In Ukraine, Resistance Must Be Balanced With Appeasement

Analysis by Clive Crook |

February 25, 2023

In judging Vladimir Putin’s reckless invasion of Ukraine, moral fundamentalism is entirely appropriate. What he’s done is evil. Judging what to do in response has always been more complicated — and, as the war enters its second year, still is.

America’s hawks like to say the war presents the US and its partners with two options: appeasement (cowardly and doomed to fail) and resistance (noble and, with Western help, leading to a Ukrainian victory). This is a false choice. From the outset, the US and Europe have both appeased and resisted, and rightly so. The challenge now, as throughout, is to swallow one’s disgust at striking such a balance, and to think it through.

The idea that the US and Europe have appeased the Russians might seem odd, because appeasement is generally taken to mean surrender, which the West clearly hasn’t done. Stripped of performative baggage, however, appeasement means accommodation or conciliation — of which there’s been plenty.

Many supporters of Ukraine frame the conflict as an existential fight between democracy and tyranny, one that the West simply cannot afford to lose. Yet the US and its partners are not yet at war with Russia. They’ve applied sanctions to Russia, provided economic support to Ukraine, and sent weapons in vast quantities — but much more slowly than Ukraine would like. They haven’t supplied the most lethal arms. They’ve decided to confine the fighting and destruction and death to Ukraine. Russian cities aren’t being bombed, and US and European soldiers aren’t laying down their lives alongside Ukraine’s heroes.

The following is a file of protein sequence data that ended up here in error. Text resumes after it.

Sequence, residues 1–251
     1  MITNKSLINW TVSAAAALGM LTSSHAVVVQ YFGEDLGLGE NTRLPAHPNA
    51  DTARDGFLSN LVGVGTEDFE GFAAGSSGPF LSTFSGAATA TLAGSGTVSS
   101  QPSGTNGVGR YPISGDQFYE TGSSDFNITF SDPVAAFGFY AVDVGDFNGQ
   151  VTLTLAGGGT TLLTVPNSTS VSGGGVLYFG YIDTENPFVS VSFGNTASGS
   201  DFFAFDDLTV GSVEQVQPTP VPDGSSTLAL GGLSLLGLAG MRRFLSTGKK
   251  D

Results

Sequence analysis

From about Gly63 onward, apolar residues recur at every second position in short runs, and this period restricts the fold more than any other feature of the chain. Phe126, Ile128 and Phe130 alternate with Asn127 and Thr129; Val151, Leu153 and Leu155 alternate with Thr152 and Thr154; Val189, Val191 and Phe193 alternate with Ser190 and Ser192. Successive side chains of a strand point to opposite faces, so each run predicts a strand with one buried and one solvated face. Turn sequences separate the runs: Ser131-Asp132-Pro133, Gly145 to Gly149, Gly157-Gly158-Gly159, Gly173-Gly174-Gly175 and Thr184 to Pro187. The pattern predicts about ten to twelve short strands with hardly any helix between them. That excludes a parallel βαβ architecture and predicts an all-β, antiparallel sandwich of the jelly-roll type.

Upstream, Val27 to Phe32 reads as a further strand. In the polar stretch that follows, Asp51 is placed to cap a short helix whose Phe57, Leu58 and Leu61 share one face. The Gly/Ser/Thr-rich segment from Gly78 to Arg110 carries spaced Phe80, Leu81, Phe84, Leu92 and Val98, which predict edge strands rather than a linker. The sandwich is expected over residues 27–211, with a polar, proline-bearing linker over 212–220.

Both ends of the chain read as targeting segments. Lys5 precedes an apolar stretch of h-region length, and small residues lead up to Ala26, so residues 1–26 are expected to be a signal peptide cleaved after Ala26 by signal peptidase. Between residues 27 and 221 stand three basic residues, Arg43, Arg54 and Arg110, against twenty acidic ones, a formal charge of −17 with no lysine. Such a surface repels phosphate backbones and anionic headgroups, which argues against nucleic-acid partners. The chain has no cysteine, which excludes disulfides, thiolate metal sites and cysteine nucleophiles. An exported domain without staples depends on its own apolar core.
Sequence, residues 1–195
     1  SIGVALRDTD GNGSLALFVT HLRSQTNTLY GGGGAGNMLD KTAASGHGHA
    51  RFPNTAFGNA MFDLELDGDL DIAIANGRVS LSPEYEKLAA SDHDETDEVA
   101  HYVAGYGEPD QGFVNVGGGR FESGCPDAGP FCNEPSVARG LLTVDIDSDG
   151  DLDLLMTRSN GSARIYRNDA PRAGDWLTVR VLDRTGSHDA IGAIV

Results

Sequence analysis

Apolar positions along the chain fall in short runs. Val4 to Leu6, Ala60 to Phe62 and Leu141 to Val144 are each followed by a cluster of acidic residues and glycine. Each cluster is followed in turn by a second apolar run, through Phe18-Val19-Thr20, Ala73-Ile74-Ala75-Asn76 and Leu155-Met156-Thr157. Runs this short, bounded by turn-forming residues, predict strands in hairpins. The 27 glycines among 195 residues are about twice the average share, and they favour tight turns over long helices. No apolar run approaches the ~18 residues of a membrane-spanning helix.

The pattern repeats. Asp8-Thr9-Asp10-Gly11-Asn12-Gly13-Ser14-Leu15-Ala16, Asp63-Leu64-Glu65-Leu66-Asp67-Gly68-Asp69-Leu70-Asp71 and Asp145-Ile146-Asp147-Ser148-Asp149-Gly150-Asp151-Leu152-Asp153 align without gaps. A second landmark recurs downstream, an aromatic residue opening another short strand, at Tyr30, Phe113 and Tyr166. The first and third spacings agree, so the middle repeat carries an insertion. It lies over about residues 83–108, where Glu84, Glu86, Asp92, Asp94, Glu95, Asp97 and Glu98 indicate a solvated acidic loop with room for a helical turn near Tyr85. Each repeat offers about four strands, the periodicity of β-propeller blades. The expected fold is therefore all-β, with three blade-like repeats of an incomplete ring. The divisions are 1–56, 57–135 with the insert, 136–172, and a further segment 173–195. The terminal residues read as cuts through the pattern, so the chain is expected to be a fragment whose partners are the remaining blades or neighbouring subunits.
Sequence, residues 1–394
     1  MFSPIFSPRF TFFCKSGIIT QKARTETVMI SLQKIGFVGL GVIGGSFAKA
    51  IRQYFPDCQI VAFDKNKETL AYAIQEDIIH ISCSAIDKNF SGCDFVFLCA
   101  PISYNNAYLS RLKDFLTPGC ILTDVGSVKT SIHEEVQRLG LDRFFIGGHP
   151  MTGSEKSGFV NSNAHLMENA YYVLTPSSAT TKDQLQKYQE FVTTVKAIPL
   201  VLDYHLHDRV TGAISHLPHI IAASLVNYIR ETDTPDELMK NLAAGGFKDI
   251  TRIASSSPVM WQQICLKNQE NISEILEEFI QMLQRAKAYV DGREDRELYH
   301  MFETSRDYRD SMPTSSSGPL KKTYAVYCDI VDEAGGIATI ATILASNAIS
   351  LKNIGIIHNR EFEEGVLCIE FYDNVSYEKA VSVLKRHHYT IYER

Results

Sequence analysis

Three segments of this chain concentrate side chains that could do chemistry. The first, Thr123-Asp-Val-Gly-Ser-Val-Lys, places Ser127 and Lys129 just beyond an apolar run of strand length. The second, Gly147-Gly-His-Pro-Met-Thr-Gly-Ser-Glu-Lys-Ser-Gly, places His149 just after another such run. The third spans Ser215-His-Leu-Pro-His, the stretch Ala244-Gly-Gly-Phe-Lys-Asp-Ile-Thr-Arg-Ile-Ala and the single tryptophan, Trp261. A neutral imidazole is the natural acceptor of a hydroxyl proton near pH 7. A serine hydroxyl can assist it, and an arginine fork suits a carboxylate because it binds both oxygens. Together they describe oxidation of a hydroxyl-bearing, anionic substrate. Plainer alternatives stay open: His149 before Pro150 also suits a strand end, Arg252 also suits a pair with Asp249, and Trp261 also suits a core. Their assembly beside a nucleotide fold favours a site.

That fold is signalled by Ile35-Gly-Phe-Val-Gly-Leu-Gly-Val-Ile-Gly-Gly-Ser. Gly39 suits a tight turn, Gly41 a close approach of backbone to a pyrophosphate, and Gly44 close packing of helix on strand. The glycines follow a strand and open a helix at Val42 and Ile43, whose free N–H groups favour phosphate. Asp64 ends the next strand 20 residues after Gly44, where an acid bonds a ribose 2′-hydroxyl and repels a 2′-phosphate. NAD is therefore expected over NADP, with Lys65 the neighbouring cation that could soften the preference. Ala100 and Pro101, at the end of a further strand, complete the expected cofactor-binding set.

Measured against “whatever it takes,” this qualifies as appeasement. It belies the claim that we’re all in this together. And, crucially, these accommodations make it thinkable that Russia, having wrecked Ukraine and destroyed countless lives, might in the end prevail.

And yet: Hard as it may be to accept, some such appeasement is not just rational but also morally defensible — hence the rhetorical camouflage. Outright war with Russia might well escalate to nuclear conflict. The notion that “most analysts think it is unlikely that Russia would use tactical nuclear weapons,” as one columnist reported, is hardly reassuring. (When it comes to avoiding Armageddon, I would prefer something more solid than what most analysts deem unlikely.) I also notice that even those who set the risk of nuclear war at or close to zero, and/or believe that Putin will start a wider war of imperial conquest if he’s allowed to win this time, aren’t saying the US should send its forces right now to fight Russia in a conventional war. Why is that?

Western leaders are surely right to weigh the human costs of escalation — to say nothing of a possible nuclear war — in their calculations. A concern I’ve had from the outset, however, is that US and European support for Ukraine’s resistance gives too little weight to the costs we’re urging Ukraine to bear. To be sure, Ukraine has been extraordinarily brave and wants all the support it can get. Even so, a policy that sustains its resistance — and the suffering it entails, without fully committing to the swiftest possible Ukrainian victory — is not beyond reproach.

These dilemmas can be disguised but not resolved by repeating, “There’s no real choice,” or “There’s no turning back,” and so forth. The awful challenge is how to calibrate the balance of appeasement and resistance.

There’s a good case for more of both. When Russia’s initial invasion was crushed, there was a chance to build an off-ramp for Putin, involving some combination of limited territorial concessions and lifted sanctions (appeasement) and guarantees of Ukraine’s future security (resistance). Neither side wanted it, and the US and its partners — wrongly in my view — didn’t press for it. Now they want it even less. War hardens mutual enmity and strengthens the resolve to show that its losses haven’t been in vain. 

The off-ramp is still worth exploring — though the terms, given the hardening of positions, would need to change. Unfortunately, China’s new position paper on a cease-fire and political settlement is useless as a blueprint because it’s almost entirely devoid of content. A plausible settlement proposal can’t just call for peace. It has to advance Ukrainian and Russian interests such that neither side believes it has lost.